Champions: A Lesson in Humanity

Champions is a fun movie, but with a clear and forceful message. That of inclusion. However, this isn't the only lesson it gives us. In fact, it's a joyful return to the kind of humanity that's rapidly fading in the world today.
Champions: A Lesson in Humanity
Leah Padalino

Written and verified by the film critic Leah Padalino.

Last update: 25 October, 2022

The cinema, beyond its entertainment value, can also become a powerful weapon. In fact, it’s capable of transmitting powerful messages. For instance, it can condemn, criticize, and vindicate. The communication theorist, Marshall McLuhan coined the phrase “the medium is the message”. Cinema is a great medium. The film we’re going to talk about in this article is Champions (Campeones)(Javier Fesser, 2018). It was the big winner of the 33rd Goya Awards.

With a happy and innocent tone, Champions launches a clear and forceful message. It aims to remove the invisibility of certain people who are so often excluded from society. The movie won three Goya Awards. Best original song, best film, and best new actor for Jesús Vidal.

The movie is committed to valuing those people who, day after day, have to fight for their integration into an increasingly competitive and demanding society. It isn’t easy to make a film that sheds some light on intellectual disability while not falling into the trap of being too melodramatic or sentimental. However, Champions is tremendously optimistic, and it embraces differences with a smile, with attitudes of respect and inclusion.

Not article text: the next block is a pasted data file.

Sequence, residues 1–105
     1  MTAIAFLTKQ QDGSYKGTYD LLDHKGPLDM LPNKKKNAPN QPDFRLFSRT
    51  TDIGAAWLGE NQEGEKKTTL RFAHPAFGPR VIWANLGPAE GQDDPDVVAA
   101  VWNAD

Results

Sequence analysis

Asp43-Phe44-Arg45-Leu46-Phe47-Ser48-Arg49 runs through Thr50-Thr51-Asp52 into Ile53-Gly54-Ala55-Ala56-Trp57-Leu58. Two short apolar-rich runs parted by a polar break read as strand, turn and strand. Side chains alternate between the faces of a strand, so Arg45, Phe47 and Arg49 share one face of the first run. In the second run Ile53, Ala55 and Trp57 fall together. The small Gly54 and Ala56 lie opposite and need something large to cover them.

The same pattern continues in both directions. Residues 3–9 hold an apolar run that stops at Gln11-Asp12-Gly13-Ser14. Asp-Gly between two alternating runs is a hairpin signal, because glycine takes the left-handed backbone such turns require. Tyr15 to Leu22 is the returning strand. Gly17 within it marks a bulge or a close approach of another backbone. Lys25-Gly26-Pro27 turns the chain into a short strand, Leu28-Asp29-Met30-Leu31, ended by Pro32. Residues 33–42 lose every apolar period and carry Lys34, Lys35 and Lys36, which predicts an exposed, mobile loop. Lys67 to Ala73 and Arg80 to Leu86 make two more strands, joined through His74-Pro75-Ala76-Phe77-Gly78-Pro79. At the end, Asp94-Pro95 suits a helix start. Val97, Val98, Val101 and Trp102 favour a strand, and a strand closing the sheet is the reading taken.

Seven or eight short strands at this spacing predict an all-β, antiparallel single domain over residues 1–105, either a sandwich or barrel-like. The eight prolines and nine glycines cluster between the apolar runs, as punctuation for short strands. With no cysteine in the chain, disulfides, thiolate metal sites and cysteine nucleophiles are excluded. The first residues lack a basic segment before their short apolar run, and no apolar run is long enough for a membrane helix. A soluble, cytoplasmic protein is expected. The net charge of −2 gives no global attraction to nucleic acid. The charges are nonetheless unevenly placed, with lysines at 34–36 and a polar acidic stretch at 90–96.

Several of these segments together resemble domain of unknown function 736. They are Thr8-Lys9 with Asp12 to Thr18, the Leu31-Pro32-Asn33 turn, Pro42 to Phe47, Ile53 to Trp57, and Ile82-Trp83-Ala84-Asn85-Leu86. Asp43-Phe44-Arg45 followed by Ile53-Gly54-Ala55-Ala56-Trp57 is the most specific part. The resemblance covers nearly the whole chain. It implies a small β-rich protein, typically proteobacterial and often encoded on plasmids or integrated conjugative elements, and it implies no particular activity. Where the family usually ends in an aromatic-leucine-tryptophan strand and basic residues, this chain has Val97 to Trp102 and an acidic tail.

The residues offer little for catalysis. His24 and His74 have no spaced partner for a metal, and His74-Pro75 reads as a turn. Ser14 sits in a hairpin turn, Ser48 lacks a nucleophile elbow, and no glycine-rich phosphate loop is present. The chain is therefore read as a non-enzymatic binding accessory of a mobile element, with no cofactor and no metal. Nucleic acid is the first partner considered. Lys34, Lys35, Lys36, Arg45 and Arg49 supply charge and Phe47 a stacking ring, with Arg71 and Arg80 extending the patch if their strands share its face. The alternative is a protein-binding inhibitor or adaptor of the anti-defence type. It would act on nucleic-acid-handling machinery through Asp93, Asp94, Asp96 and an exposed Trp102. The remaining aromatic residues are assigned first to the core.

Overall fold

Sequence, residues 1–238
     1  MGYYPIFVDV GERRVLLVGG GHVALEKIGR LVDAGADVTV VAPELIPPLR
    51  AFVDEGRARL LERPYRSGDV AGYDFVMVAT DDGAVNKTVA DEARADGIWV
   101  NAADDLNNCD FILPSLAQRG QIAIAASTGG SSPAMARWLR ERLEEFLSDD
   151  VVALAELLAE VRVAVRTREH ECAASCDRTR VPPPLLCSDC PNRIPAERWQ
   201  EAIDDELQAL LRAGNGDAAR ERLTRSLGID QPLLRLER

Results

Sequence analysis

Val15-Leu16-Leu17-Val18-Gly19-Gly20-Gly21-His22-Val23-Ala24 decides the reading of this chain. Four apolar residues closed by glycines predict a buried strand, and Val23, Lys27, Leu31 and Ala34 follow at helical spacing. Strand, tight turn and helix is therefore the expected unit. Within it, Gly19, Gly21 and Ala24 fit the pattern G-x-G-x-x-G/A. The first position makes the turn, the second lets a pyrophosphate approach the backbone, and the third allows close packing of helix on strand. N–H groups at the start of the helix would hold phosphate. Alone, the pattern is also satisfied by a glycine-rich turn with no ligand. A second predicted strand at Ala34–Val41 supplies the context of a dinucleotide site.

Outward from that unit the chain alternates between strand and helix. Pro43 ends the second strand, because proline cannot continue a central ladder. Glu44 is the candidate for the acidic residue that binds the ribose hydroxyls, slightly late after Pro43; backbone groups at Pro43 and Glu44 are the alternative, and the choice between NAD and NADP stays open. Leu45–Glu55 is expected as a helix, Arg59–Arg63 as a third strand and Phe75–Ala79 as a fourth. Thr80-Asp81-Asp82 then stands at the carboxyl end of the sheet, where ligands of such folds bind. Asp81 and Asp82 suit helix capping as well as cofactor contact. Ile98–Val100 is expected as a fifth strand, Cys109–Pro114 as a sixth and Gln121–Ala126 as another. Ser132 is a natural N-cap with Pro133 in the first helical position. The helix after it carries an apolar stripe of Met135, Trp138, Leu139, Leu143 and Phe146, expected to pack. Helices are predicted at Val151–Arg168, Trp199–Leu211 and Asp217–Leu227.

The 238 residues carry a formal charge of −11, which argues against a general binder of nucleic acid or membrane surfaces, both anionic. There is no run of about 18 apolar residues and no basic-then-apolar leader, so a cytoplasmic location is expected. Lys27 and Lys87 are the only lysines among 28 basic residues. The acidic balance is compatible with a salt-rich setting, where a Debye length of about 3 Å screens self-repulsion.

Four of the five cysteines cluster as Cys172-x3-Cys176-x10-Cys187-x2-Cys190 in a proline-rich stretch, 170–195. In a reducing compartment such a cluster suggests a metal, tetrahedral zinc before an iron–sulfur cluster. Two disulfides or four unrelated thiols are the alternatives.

The movie demonstrates that in a totally dehumanized world, what we need are smiles and a good dose of humanity.

The storyline

Marco Montes is an assistant coach for a prestigious Madrid basketball team. He’s an arrogant and rude man. Furthermore, his personal life isn’t at its best, and, professionally, he begins to falter. Montes loses his job and, after a series of altercations resulting from driving under the influence of alcohol, finds himself between a rock and a hard place.

In fact, Montes has to choose between spending time in prison or coaching a basketball team made up of people with intellectual disabilities. Obviously, the choice, albeit grudgingly, is clear. Therefore, we soon meet the members of the ‘Los Amigos’ team, and the situation, for Marco, becomes desperate.

Nevertheless, as time passes, he goes through a period of sensitization by learning a little more about the personal situation of each of the players. They all struggle, day by day, like any of us. However, for us, getting a job is something that we’ve completely normalized and we take for granted. Nevertheless, for people with disabilities, this situation is extremely difficult.

The dark side of disability

The film is quick to condemn. It tells us that there are countless things that we take for granted. To us, they’re normal and we no longer question them. But this isn’t the same for all members of society. In fact, we learn that even Marco himself was never able to become a professional basketball player because he wasn’t tall enough.